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Prince Manvendra Singh Gohil, India’s first openly gay prince, has recently shared a deeply personal and challenging aspect of his life. He revealed that his parents took drastic measures to try and change his sexuality, including seeking medical interventions. Let’s take a closer look at his story.
Born in 1965, Prince Manvendra Singh Gohil holds a significant position as the son and potential heir of the honorary Maharaja of Rajpipla. He has made history by becoming the world’s first openly gay prince and has established himself as a prominent LGBT advocate in India. Gohil is also the driving force behind the Lakshya Trust, a charitable organization dedicated to supporting the LGBT community.
In 1971, India underwent a transformation that led to the “de-recognition” of its royal figures, impacting Gohil’s family. His father lost the prestigious title of Maharaja along with the associated annual pension. The family adapted to the changing times by converting their ancestral seat, the Rajvant Palace in Rajpipla, into a tourist attraction and film shooting location. They also established a secondary residence in Mumbai.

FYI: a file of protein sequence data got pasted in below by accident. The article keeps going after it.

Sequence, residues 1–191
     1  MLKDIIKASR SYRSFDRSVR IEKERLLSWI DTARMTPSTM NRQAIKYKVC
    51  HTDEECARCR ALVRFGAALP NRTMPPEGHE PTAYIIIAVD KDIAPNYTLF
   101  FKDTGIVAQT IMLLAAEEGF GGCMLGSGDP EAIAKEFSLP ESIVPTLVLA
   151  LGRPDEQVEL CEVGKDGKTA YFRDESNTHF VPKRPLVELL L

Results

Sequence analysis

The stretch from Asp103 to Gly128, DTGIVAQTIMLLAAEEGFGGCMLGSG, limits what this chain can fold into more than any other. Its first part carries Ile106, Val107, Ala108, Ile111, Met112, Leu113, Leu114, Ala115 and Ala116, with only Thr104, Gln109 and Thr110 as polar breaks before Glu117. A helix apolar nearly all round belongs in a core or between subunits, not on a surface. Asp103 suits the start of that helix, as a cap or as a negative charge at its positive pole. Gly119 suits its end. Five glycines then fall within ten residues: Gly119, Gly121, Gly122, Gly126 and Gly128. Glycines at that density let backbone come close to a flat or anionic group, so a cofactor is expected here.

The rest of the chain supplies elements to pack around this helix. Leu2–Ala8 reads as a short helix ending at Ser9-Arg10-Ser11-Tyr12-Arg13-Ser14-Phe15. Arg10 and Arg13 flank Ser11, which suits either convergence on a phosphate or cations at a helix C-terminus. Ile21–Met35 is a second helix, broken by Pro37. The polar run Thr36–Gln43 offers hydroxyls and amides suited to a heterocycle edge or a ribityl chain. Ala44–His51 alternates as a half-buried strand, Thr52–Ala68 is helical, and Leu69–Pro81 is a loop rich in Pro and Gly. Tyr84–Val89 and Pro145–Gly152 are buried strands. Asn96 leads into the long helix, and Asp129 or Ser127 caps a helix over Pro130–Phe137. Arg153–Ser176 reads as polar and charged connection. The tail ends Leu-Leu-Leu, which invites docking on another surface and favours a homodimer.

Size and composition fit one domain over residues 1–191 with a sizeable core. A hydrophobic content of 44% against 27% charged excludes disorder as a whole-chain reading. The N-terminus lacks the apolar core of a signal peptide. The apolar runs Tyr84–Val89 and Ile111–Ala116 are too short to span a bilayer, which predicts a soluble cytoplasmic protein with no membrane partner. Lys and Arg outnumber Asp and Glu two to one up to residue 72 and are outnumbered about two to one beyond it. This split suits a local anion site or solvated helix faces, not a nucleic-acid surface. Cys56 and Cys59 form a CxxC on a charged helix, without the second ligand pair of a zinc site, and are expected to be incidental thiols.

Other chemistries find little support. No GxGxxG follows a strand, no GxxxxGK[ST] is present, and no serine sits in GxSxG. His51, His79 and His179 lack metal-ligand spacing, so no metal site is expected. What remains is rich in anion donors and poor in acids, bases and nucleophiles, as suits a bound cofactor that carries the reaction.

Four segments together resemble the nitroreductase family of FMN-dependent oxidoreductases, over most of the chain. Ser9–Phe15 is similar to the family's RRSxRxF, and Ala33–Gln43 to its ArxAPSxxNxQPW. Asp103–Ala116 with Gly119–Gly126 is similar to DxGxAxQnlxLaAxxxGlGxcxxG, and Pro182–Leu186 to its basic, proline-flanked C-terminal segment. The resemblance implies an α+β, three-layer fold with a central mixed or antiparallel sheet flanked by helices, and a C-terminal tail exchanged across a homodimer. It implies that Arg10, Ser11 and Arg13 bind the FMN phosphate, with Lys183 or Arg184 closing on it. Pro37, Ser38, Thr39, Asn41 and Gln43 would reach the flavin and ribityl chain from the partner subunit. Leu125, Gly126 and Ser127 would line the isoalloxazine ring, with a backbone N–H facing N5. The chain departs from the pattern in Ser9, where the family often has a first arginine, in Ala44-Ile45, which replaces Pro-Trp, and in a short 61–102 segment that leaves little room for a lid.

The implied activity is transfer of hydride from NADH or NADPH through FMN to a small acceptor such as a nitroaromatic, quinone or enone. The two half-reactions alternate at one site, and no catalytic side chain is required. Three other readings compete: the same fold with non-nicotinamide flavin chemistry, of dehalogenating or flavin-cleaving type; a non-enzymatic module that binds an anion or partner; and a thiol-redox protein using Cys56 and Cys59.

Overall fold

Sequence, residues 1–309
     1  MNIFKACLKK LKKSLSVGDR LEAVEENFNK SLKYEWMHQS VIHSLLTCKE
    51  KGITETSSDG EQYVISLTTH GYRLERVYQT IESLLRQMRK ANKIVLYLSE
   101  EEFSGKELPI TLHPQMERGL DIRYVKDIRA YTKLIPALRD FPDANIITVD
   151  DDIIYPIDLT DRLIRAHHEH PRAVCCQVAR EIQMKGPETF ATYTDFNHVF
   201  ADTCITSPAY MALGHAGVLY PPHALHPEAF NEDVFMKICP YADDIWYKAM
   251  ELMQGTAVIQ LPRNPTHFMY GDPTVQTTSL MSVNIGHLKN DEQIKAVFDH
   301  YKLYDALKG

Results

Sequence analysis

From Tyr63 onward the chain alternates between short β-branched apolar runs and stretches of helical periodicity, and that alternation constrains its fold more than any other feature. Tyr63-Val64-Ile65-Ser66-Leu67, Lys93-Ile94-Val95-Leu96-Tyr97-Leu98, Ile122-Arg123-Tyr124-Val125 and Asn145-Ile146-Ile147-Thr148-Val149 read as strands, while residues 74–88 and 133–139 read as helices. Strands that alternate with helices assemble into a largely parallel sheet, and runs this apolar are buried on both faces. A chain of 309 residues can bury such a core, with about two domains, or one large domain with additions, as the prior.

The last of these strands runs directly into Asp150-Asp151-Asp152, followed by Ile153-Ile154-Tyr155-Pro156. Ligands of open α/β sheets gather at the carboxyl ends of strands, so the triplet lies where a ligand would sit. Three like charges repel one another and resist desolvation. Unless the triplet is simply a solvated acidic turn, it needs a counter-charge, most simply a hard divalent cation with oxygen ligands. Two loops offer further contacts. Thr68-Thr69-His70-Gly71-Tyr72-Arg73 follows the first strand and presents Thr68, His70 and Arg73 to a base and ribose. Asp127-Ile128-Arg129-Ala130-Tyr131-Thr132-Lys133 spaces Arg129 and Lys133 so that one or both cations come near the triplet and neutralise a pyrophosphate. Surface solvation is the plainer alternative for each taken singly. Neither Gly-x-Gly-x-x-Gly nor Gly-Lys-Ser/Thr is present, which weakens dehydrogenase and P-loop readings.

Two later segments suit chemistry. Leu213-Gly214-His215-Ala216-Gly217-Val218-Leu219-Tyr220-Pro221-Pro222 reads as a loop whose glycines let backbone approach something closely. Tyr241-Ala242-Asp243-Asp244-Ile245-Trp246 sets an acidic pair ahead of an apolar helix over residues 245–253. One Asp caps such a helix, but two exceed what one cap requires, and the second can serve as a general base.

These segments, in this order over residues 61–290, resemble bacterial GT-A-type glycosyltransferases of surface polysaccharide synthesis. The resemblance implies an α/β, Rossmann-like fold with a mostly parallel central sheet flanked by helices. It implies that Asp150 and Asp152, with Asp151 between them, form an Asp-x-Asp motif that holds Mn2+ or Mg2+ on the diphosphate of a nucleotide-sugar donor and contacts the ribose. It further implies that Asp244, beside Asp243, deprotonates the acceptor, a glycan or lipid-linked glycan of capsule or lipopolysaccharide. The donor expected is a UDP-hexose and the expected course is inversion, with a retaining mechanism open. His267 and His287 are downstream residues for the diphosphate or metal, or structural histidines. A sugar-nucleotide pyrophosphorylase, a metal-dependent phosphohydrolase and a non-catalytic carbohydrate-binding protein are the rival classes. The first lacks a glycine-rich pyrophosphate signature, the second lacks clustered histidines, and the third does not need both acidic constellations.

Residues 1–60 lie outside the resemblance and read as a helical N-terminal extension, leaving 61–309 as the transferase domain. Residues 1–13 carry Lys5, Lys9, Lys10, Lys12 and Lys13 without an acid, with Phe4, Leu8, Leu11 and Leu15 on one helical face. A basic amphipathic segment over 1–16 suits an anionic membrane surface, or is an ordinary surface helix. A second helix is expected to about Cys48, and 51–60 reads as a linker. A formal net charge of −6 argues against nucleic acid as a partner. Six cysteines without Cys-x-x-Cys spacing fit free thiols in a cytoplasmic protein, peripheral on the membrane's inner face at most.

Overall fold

In a candid interview, Gohil disclosed the extraordinary measures his parents took when he came out as gay. They resorted to brain surgery and electroshock therapy in an attempt to alter his sexual orientation. Gohil expressed feeling deeply humiliated by these attempts to change who he was.
Reflecting on his past, Gohil revealed the challenges he faced within his family and community due to his sexuality. He explained that his family’s position as role models in the eyes of villagers came with its own set of expectations, making it difficult for him to openly embrace his true self.
The constraints placed on his interactions with certain people and his limited exposure to the broader world added to his struggles. It wasn’t until he suffered a nervous breakdown in 2002 and was hospitalized that his parents learned about his sexuality from a doctor. This pivotal moment marked the beginning of a new chapter for Gohil. His decision to come out publicly and share his story transformed his life, leading to a more accepting environment.
Gohil’s advocacy extended beyond India’s borders. In 2008, he inaugurated the Euro Pride gay festival in Stockholm, Sweden. He even embarked on a journey documented in a BBC Three series called “Undercover Princes,” which followed his quest to find love in Brighton, UK.
Furthermore, Gohil took on an editorial role in the gay men-centric magazine “Fun,” published in Rajpipla since July 2010. In July 2013, he celebrated a significant milestone by marrying Cecil “DeAndre” Richardson (né Hilton), an American residing in Seattle.